The right to access to the case-file : the most effective way to provide a suspected or accused person with detailed information about the charge in order to allow him adequately to prepare his defence at trial is to give him or his lawyer access to the case-file. Recent research shows that in the large majority of Member States access to the case-file is already granted at some point in the criminal proceedings. The ECtHR has consistently ruled that, depending on the stage of criminal proceedings, Member States are required to disclose to the defence all material evidence for or against the accused and to provide the accused person's lawyer with access to relevant documents contained in the case-file.

The draft directive provides that where a suspected or accused person is arrested in the course of criminal proceedings, access to those documents contained in the case-file which are relevant to the determination of the lawfulness of the detention by the competent judicial authority should be granted. This limited access to the case-file ensures the fairness of pre-trial proceedings concerning the lawfulness of arrest and detention. In considering what documents and information access is being granted to, Member States should pay particular attention to the protection of the effectiveness of Leniency Programmes that are used in investigations under criminal law into cartel behaviour.

The text requires Member States to grant access to the case-file to all accused persons whether or not they are in custody, where the criminal investigation is concluded. Access to certain documents in the case-file may be excluded by a competent judicial authority where access to those documents may lead to serious risk to the life of another person or may seriously harm the internal security of the Member State in which the proceedings are taking place. Such limitation of access to the file is only to be used in exceptional circumstances. Access to the case-file should not be limited to a one-off inspection. If the accused person or his lawyer deems it necessary, further access should be granted. If a file is particularly voluminous or where the interests of justice so require it, the accused person should be provided with an index of the documents contained in the case-file to enable him to decide to which documents he wishes to be given access.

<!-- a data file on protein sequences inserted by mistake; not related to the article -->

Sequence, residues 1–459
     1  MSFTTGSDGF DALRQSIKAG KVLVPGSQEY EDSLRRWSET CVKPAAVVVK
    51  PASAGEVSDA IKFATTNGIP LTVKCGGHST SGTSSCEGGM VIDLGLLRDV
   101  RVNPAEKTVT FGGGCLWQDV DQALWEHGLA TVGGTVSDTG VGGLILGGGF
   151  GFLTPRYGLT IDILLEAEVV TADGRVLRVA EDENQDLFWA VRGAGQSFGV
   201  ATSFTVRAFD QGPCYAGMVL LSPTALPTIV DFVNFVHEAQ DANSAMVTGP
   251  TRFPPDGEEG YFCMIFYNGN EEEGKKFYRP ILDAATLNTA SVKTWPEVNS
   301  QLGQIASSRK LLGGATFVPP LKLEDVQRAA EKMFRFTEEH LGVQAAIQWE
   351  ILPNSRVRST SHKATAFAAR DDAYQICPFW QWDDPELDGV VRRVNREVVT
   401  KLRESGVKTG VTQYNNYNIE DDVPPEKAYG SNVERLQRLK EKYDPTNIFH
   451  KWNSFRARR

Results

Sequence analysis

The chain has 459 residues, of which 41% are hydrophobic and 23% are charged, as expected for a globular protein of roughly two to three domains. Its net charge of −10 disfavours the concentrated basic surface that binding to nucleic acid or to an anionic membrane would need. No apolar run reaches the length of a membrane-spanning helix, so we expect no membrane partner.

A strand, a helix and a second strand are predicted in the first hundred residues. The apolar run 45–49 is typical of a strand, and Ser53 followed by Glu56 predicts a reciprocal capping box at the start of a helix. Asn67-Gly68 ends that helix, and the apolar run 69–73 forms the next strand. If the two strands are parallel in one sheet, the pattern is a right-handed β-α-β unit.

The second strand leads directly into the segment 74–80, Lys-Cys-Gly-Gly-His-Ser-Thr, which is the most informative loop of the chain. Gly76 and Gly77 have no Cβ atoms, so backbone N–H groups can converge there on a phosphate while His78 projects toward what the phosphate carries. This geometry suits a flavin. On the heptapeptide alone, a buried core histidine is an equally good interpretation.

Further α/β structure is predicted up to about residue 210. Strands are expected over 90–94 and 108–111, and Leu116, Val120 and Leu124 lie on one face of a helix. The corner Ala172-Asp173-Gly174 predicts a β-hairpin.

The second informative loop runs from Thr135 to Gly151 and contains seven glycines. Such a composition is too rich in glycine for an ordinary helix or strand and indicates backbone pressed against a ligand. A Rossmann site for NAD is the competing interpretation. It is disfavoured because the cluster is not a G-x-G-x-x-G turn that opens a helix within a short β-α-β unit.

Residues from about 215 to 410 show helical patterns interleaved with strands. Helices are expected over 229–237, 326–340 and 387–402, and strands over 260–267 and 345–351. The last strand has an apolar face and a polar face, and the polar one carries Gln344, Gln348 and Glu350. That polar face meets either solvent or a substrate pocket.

Verification and remedies : in order to ensure that a suspected or accused person receives all the information to which he is entitled, Member States should establish a procedure to ascertain whether the person has received the information. This can be a form for the person to sign confirming that he has received the information or a note in the custody record.